Sarah Olney's victory over Zac Goldsmith signals a new political era for the Liberal Democrats

The Liberal Democrats, for the first time in about half a century, have the sole claim, at least in England, to be the party of Europe. Although that can feel lonely, they should be comforted by the fact that 48 per cent of those voting in the referendum rejected leaving the EU

Friday 02 December 2016 13:55
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Newly elected Liberal Democrat MP for Richmond Park Sarah Olney listens to Independent candidate Zac Goldsmith speaking after Olney won her seat in Richmond, south-west London
Newly elected Liberal Democrat MP for Richmond Park Sarah Olney listens to Independent candidate Zac Goldsmith speaking after Olney won her seat in Richmond, south-west London

It would be foolish for anyone to dismiss the Liberal Democrats’ win in Richmond Park, superficially easy as it is. The result adds to a parliamentary force still in single figures. It will not, in and of itself, change anything in government policy. It isn’t going to stop Brexit in its tracks.

Everyone knew that this extraordinarily prosperous, if noisily overflown, corner of the capital was Europhile, with many of its inhabitants dependent on the financial, legal and other sectors in London for their incomes and their house values. We know things are different in Grimsby. Indeed, given that the Liberal Democrat candidate Sarah Olney joined Zac Goldsmith in adamant opposition to Heathrow expansion, thus neutralising the issue, it might have been more of a surprise if the Richmonders had decided to carry on with their hardline anti-European MP (whose father, Sir James, arguably started the whole Brexit thing rolling with his Referendum Party campaign at the 1997 election).

Yet it is significant. First, it is a necessary restorative to Liberal Democrat health, which has not been good since they entered the coalition and the tuition fees fiasco. It is, in fact, the first time the Liberal Democrats have won a seat from another party since 2006, and the first gain from the Conservatives since 2000. Without anyone much noticing, the traditional conditions for a Liberal Democrat revival were reset at last year’s general election: a Conservative Government running into economic difficulties with a Labour opposition drifting off to the extremes, including a more Eurosceptic stance.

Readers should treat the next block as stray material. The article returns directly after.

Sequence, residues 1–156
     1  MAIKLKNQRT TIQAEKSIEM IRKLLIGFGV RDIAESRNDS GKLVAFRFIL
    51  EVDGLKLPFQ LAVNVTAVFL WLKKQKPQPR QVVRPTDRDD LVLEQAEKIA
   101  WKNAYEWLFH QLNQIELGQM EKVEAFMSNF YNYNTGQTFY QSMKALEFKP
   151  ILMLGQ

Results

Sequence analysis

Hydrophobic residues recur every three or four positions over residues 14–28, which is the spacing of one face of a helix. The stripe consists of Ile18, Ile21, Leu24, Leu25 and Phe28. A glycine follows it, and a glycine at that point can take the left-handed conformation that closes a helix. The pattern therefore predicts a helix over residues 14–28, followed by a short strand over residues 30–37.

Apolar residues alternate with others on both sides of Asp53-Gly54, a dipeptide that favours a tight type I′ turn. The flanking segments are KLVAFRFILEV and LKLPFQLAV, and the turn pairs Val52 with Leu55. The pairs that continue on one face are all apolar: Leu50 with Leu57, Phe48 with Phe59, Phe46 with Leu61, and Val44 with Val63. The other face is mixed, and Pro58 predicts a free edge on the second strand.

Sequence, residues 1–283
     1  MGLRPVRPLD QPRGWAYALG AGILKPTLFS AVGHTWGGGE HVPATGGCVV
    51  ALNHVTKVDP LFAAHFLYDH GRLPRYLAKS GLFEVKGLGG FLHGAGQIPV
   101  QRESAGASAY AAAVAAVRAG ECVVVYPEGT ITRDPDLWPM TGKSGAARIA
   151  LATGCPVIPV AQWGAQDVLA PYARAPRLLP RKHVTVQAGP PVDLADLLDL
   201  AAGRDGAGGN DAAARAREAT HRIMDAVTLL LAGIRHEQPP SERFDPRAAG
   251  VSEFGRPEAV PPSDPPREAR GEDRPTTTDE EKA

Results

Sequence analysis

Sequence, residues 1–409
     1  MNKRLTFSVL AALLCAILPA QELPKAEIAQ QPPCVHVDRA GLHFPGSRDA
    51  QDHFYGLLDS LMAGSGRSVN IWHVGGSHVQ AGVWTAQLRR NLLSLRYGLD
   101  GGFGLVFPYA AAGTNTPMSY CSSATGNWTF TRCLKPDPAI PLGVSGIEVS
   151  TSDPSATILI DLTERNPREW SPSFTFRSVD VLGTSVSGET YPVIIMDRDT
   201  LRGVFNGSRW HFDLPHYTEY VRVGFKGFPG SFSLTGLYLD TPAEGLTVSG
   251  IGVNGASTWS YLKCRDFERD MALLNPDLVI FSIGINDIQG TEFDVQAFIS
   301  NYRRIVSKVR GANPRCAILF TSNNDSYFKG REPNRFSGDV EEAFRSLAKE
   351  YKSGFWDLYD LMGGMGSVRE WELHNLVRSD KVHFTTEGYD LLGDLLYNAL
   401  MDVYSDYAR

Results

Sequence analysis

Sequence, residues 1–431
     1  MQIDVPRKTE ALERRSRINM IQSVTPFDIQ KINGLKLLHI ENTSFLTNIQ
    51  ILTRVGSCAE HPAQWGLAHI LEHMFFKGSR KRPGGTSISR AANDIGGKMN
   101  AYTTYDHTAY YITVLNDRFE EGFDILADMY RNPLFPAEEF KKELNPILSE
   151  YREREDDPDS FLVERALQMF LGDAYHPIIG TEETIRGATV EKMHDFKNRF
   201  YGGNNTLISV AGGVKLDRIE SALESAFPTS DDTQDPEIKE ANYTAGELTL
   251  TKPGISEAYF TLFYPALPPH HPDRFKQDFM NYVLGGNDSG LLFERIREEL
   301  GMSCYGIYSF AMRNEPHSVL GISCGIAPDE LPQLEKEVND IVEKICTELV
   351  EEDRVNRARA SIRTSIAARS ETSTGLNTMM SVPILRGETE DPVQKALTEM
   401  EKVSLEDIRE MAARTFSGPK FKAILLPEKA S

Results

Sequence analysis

Not since the early 1980s have the conditions been more propitious for a revival, though nowadays the Liberal Democrats have to contend with Ukip and the nationalists as alternative vehicles for protest votes.

More significant than the psephology, though, is the political philosophy. The Liberal Democrats, for the first time in about half a century, have the sole claim, at least in England, to be the party of Europe. Suddenly, they have a clear cause rooted in their ideals. Having supported the European project from its earliest beginnings in the 1950s, through to saving the Maastricht Treaty from collapse in the 1990s, the Liberal Democrats have alone been unequivocal and brave in their support for the European project.

Although that can feel lonely, they should be comforted by the fact that 48 per cent of those voting in the June referendum rejected leaving the EU. In many countries such a significant minority – it hardly qualifies for the term “minority” – would be sufficient to bar any constitutional change on this scale. Arguably only a 60 per cent or a two-thirds majority – and parliamentary vote – should have been the trigger for Article 50.

As the Brexiteers argue, there is no point in rerunning the referendum or moaning about the fact that the Leave side won. However, Tim Farron and the Liberal Democrats are right to argue that the terms of the exit from the EU should be approved by a democratic vote, either in Parliament or in a referendum. Sir John Major and Tony Blair have also argued this case, and perhaps the Richmond result will remind those in government now that there is a large body of public opinion that is demanding such a say.

As the reality of Brexit dawns on many more people, it is perfectly reasonable for them to be able to assess whether the settled terms of Brexit, when they arrive, are indeed a better bet than the status quo – or, for some of the more ardent Leavers, a “hard Brexit” might even be preferable. We would then not be asked to buy a “pig in a poke”.

Those arguments are for the future, though the campaign starts now, and the Lib Dems’ victory in Richmond is one step towards them. For now, ministers would do well to listen to public opinion in its entirety and treat Parliament with more respect than it has been inclined to.

The Commons should be told much more than it has been about the issues at stake, and the Government’s ambitions. Until it does so, it will not win the argument about the terms of Brexit.

Until we have a vote approving the prospective terms of Brexit, the European issue will not be resolved.

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